A positive recruitment experience gets the working relationship off to the best start. It is important to follow a number of steps and adopt a best practice approach.
Employees and workers receive some form of payment in return for the work they do.
Pregnant employees are entitled to up to one year’s maternity leave. Paternity leave is available if certain criteria are met. Parents are also entitled to 18 weeks’ unpaid leave for each child up to their 18th birthday.
Clear workplace policies and procedures help organisations to be productive, efficient and maintain high levels of staff morale. Ensuring that everyone knows how and why things are done is a key component in establishing best employment practice.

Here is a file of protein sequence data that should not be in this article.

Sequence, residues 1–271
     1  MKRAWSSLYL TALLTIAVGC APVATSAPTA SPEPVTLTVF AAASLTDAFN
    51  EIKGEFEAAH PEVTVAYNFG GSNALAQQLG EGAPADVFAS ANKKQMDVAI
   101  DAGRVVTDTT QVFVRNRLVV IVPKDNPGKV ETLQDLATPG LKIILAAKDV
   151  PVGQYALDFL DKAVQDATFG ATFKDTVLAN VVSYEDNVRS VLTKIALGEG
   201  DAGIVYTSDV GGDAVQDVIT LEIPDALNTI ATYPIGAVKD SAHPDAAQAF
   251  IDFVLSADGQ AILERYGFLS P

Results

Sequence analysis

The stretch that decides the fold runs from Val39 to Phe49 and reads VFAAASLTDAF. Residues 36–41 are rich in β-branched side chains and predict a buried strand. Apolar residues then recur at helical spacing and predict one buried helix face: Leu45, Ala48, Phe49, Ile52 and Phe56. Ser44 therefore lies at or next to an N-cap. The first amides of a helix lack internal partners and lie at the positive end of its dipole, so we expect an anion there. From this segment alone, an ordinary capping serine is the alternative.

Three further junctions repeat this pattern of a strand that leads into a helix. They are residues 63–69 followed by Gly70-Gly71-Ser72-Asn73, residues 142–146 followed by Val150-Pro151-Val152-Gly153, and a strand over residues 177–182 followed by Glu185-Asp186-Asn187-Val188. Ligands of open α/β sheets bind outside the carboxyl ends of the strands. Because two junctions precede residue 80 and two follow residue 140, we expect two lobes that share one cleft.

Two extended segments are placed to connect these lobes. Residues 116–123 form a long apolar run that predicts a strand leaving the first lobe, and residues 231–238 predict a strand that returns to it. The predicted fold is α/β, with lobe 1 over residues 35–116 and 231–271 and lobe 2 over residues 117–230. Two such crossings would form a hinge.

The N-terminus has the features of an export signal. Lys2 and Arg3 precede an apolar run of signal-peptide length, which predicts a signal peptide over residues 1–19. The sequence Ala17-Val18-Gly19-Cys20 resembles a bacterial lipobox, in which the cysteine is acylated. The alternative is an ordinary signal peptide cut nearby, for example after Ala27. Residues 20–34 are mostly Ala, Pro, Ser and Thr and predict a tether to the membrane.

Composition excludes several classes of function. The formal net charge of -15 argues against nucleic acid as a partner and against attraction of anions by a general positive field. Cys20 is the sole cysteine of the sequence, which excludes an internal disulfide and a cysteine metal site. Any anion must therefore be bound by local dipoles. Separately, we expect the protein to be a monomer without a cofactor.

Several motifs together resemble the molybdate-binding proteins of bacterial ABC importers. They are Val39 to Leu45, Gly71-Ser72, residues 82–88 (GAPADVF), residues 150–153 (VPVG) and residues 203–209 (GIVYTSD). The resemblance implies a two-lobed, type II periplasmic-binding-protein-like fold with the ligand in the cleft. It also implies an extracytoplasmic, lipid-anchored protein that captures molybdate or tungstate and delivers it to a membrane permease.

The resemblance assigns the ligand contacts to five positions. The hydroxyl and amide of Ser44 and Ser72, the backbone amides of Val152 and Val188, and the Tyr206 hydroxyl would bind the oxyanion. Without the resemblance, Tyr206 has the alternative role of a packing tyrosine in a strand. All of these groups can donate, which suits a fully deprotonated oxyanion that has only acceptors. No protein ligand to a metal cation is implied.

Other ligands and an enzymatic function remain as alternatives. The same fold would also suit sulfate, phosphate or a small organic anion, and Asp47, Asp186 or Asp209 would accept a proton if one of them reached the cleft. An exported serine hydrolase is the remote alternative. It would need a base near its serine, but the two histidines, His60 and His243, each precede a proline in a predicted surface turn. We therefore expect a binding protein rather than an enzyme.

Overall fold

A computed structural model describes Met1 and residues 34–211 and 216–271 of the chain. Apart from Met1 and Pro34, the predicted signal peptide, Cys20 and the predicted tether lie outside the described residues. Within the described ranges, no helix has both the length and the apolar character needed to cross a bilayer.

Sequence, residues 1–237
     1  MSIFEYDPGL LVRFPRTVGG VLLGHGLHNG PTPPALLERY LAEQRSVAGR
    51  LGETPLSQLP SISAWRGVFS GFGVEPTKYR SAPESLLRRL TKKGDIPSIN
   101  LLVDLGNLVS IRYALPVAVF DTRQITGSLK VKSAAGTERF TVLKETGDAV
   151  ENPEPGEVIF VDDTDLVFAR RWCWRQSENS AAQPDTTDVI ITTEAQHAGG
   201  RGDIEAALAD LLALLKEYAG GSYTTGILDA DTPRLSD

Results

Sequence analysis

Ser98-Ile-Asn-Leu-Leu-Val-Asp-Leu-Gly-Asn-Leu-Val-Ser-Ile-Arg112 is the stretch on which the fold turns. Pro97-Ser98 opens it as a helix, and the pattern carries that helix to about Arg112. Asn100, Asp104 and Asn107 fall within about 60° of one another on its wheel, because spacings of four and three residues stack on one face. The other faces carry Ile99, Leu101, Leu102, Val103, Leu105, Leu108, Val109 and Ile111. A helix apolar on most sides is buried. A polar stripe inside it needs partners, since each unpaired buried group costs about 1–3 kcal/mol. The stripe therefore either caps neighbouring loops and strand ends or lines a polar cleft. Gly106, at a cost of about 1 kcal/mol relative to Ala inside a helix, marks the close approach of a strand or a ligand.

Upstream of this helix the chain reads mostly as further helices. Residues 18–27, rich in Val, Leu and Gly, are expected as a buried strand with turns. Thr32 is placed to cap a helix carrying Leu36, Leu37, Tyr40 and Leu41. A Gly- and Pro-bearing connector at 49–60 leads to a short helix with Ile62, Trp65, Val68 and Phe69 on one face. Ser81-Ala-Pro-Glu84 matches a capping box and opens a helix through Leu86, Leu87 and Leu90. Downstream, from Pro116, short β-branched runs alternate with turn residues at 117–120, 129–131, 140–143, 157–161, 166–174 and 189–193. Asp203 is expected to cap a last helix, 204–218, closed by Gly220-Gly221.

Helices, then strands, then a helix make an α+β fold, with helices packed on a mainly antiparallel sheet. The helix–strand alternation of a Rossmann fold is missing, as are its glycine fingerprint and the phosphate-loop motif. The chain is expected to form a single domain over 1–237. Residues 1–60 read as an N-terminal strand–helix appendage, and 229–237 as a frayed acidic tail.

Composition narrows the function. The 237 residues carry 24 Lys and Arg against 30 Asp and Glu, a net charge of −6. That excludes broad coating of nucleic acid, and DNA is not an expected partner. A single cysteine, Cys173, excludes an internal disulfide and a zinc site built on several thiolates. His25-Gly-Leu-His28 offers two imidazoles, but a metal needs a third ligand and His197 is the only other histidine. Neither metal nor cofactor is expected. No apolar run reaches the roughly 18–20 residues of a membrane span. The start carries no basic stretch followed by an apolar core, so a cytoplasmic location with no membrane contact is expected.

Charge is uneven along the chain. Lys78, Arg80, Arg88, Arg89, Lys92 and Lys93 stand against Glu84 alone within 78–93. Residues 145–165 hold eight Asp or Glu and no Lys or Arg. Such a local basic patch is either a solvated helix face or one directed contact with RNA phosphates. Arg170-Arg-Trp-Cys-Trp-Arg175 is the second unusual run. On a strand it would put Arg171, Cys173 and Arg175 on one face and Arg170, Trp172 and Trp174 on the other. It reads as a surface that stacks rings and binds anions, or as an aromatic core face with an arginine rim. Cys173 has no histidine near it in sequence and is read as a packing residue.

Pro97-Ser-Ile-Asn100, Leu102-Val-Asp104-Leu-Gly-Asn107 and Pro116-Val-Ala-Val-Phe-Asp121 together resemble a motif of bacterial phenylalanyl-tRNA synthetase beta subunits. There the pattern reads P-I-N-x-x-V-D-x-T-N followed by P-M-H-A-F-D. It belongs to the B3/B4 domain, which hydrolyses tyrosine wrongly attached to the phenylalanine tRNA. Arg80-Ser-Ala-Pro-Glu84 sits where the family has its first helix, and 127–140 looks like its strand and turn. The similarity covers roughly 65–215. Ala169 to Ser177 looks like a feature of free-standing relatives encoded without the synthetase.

There are differences between ‘employees’, ‘workers’ and ‘contractors’. These differences in status can affect their rights and responsibilities in the workplace.
Employees and workers are entitled to various types of leave depending on their circumstances and the length of time they have been employed.
Most workers - whether part-time or full-time - are legally entitled to 5.6 weeks' paid annual leave. Employers can set the times of the year that leave needs to be taken and workers must give the employer notice when they want to take leave.
The hours we work and the pay we receive for that work are two key factors when it comes to job satisfaction, feeling fulfilled, challenged and rewarded. It is important that record keeping systems are robust, policies and communication about breaks and benefits are clear, and that people know their rights and responsibilities.
There is lots to think about when starting a new job, or when hiring new staff. It is important that there are good processes in place so that everyone meets their responsibilities and everyone’s rights are protected.
There are various other types of leave including: garden leave; time off for public duties; and study / training leave.